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dc.contributor.authorLothringer, Joshua D.
dc.contributor.authorBarman, Travis
dc.contributor.authorKoskinen, Tommi
dc.date.accessioned2019-02-20T21:49:48Z
dc.date.available2019-02-20T21:49:48Z
dc.date.issued2018-10-10
dc.identifier.citationJoshua D. Lothringer et al 2018 ApJ 866 27en_US
dc.identifier.issn1538-4357
dc.identifier.doi10.3847/1538-4357/aadd9e
dc.identifier.urihttp://hdl.handle.net/10150/631727
dc.description.abstractExtremely irradiated hot Jupiters, exoplanets reaching dayside temperatures >2000 K, stretch our understanding of planetary atmospheres and the models we use to interpret observations. While these objects are planets in every other sense, their atmospheres reach temperatures at low pressures comparable only to stellar atmospheres. In order to understand our a priori theoretical expectations for the nature of these objects, we self-consistently model a number of extreme hot Jupiter scenarios with the PHOENIX model atmosphere code. PHOENIX is well-tested on objects from cool brown dwarfs to expanding supernovae shells, and its expansive opacity database from the UV to far-IR make PHOENIX well-suited to understanding extremely irradiated hot Jupiters. We find several fundamental differences between hot Jupiters at temperatures >2500 K and their cooler counterparts. First, absorption by atomic metals like Fe and Mg, molecules including SiO and metal hydrides, and continuous opacity sources like H-, all combined with the short-wavelength output of early-type host stars, result in strong thermal inversions, without the need for TiO or VO. Second, many molecular species, including H2O, TiO, and VO are thermally dissociated at pressures probed by transit and eclipse observations, potentially biasing retrieval algorithms that assume uniform vertical abundances. We discuss other interesting properties of these objects, as well as future prospects and predictions for observing and characterizing this unique class of astrophysical object, including the first self-consistent model of the hottest known Jovian planet, KELT-9b.en_US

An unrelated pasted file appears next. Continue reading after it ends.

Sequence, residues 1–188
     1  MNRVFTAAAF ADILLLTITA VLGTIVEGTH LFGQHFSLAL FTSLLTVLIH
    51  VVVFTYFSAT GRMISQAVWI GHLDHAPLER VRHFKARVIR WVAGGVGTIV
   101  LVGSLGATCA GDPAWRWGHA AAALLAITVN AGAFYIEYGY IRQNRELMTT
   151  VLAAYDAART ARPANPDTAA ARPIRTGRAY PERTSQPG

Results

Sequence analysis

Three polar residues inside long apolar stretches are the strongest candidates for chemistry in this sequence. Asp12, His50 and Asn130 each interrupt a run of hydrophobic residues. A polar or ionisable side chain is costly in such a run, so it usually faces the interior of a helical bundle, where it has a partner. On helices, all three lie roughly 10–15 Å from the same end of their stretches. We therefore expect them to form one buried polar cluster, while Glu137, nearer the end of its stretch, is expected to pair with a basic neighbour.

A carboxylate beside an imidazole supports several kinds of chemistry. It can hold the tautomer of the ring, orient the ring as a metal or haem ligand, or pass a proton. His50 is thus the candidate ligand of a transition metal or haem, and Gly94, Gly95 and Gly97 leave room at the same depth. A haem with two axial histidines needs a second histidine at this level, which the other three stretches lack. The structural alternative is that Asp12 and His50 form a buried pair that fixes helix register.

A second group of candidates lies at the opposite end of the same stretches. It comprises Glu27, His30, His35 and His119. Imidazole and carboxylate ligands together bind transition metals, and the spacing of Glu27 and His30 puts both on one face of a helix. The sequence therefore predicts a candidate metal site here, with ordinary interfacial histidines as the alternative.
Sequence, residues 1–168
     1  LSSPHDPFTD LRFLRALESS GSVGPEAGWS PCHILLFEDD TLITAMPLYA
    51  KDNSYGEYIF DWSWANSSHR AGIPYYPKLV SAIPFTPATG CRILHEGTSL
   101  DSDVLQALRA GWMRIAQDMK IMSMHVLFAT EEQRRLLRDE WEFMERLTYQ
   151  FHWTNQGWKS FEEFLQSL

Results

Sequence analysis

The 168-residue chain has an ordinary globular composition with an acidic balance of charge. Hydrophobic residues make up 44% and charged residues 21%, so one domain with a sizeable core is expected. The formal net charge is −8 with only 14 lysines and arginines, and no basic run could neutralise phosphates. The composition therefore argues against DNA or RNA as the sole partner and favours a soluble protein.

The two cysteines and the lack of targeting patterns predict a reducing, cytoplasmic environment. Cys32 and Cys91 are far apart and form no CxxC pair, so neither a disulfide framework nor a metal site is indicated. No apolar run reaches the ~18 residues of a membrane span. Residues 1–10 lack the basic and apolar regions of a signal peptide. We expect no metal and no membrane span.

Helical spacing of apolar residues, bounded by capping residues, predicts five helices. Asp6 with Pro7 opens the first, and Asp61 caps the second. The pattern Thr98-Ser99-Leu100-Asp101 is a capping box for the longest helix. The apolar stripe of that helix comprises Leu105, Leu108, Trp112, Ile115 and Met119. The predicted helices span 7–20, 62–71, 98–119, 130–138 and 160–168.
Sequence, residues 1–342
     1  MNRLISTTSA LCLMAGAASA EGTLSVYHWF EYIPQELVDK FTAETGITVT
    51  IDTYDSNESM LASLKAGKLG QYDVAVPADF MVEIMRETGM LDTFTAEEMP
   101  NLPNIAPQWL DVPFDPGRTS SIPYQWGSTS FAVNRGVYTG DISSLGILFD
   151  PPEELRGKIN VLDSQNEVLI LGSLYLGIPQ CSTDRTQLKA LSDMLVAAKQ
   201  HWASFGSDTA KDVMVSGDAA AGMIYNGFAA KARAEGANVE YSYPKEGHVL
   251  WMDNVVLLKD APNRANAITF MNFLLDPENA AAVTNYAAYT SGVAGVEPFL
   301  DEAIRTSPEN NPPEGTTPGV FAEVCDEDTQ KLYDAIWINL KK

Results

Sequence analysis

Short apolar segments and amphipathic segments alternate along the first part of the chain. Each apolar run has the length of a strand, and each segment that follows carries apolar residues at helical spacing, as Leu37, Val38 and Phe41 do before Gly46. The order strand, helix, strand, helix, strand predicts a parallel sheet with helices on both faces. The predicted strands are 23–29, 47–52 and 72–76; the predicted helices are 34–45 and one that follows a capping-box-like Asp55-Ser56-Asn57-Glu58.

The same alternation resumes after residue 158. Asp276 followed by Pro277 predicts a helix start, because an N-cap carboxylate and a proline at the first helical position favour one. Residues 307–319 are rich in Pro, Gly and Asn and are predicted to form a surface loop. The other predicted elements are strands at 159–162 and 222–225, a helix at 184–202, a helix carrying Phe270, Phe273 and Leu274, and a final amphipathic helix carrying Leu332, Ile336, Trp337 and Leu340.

dc.description.sponsorshipNASA through the Space Telescope Science Institute [HST-GO-12511, HST-GO-14797]; NASA [NAS 5-26555]en_US
dc.language.isoenen_US
dc.publisherIOP PUBLISHING LTDen_US
dc.relation.urlhttp://stacks.iop.org/0004-637X/866/i=1/a=27?key=crossref.310d83e7805cdc7e06c28610a89ed591en_US
dc.rights© 2018. The American Astronomical Society. All rights reserved.en_US
dc.subjectmethods: numericalen_US
dc.subjectplanets and satellites: atmospheresen_US
dc.titleExtremely Irradiated Hot Jupiters: Non-oxide Inversions, H- Opacity, and Thermal Dissociation of Moleculesen_US
dc.typeArticleen_US
dc.contributor.departmentUniv Arizona, Lunar & Planetary Laben_US
dc.identifier.journalASTROPHYSICAL JOURNALen_US
dc.description.collectioninformationThis item from the UA Faculty Publications collection is made available by the University of Arizona with support from the University of Arizona Libraries. If you have questions, please contact us at repository@u.library.arizona.edu.en_US
dc.eprint.versionFinal published versionen_US
dc.source.journaltitleThe Astrophysical Journal
dc.source.volume866
dc.source.issue1
dc.source.beginpage27
refterms.dateFOA2019-02-20T21:49:49Z


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